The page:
Shanghai Maglev: Build It And They Don't Come

New maglev train in Shanghai demonstrates the importance of siting, design, and convenience -- ridership at 27% of capacity.
May 18, 2004, 2pm PDT | Abhijeet Chavan | @legalaidtech
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"Smoothly, quietly, but relentlessly, the sleek new train picked up speed. Reaching 100 mph, it seemed similar to the fast trains of Europe and Japan. But by 200 mph, Shanghai's passing suburbs started to blur in the window. And at 287 mph, the top speed, passengers could clearly feel that their ride to the airport had become a streak into railroad history. Shanghai's new magnetic levitation train, or maglev, built by German engineers for $1.2 billion to cover 20 miles in less than eight minutes, has proved it can make an impression, even in a city that lives on superlatives. China's biggest, richest, most advanced, most with-it metropolis has scored again, becoming home to the fastest and most technologically innovative train in the world. The airport express became the first magnetic levitation line to operate commercially early this year. Since then, its warp speed and breakthrough technology have attracted thousands of admirers and thrill riders, including Premier Wen Jiabao. Proud city officials have opened a little museum in the city-end departure terminal to explain how the train works: The repelling and attracting forces of powerful magnets suspend the carriages above the track and, because that eliminates the drag of friction, are able to push them along smoothly at breakneck speeds. But for most airline passengers landing after long flights from abroad or heading out on business trips, the technological marvel has not become the automatic answer to their search for a quick, convenient ride to connect the futuristic Pudong International Airport with Shanghai's crowded downtown skyscrapers. For the first three months of commercial operation, the maglev ran on an abbreviated schedule at less than 20 percent of capacity, city officials calculated. The beginning months were further tarnished by reports that the track was sinking. But engineers quickly reassured the public that sinking was natural in the area's soft soil -- and foreseen in construction -- and that fixing it was only a matter of adjusting the tracks. After cutting prices by a third, to $6 one way, on April 15 and adding runs so trains depart every 15 to 20 minutes on an 8:30 a.m. to 5:30 p.m. schedule, the city's Maglev Transportation Department Co. has raised its estimates of passengers to about 8,000 a day. But that still is only 27 percent of capacity. And the latest period measured, the company acknowledged, included the May Day holiday week during which many passengers were Chinese tourists taking a thrill ride, the way they would at Disneyland."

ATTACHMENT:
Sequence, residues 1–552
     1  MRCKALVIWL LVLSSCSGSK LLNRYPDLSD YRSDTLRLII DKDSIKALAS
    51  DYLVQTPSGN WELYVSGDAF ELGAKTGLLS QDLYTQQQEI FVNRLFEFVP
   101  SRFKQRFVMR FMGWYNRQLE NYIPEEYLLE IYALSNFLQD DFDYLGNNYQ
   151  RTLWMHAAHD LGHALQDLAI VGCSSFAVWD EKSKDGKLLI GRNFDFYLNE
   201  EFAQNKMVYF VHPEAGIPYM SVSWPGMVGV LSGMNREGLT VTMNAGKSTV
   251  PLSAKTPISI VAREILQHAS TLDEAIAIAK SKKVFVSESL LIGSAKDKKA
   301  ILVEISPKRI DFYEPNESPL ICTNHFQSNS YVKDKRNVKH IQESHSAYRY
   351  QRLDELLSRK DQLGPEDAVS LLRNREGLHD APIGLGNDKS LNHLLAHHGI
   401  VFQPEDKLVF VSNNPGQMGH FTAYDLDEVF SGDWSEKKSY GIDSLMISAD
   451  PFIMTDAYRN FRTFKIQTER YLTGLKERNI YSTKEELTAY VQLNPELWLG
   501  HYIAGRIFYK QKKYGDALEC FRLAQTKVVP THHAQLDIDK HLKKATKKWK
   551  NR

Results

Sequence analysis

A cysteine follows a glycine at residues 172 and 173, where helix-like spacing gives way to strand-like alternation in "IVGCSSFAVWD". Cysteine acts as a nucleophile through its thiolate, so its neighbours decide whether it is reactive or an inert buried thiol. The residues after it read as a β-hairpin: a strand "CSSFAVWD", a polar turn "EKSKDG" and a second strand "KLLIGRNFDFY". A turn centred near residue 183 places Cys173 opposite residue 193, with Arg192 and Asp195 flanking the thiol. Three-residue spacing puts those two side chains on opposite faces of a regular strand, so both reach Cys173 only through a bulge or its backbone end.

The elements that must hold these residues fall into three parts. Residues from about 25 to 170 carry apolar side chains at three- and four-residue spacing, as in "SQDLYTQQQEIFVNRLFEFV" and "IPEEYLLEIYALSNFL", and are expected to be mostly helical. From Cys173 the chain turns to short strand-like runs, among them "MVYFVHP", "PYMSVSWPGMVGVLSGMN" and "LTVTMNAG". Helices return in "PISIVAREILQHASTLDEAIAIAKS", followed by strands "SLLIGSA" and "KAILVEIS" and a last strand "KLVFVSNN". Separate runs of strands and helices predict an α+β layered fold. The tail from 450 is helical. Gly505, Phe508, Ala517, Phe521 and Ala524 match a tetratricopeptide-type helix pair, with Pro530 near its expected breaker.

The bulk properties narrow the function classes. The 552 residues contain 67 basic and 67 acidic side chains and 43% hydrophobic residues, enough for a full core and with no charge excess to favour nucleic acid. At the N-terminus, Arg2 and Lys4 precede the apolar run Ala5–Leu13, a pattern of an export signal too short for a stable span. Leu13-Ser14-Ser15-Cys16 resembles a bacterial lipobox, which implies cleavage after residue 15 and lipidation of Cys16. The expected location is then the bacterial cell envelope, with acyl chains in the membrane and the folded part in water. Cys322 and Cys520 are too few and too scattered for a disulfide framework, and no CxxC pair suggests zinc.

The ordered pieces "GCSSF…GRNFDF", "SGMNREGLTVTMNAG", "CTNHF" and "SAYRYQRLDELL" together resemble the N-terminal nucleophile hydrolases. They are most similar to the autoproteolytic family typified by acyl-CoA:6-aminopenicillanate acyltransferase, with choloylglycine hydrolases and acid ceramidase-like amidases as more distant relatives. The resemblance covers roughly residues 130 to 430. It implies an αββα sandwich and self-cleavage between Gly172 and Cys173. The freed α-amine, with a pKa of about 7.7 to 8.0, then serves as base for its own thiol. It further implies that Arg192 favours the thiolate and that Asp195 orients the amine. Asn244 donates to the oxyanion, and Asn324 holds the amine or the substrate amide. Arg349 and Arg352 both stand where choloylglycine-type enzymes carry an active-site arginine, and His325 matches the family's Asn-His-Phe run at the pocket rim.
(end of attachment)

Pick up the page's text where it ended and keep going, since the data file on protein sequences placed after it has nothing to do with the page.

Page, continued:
Thanks to Richard Layman

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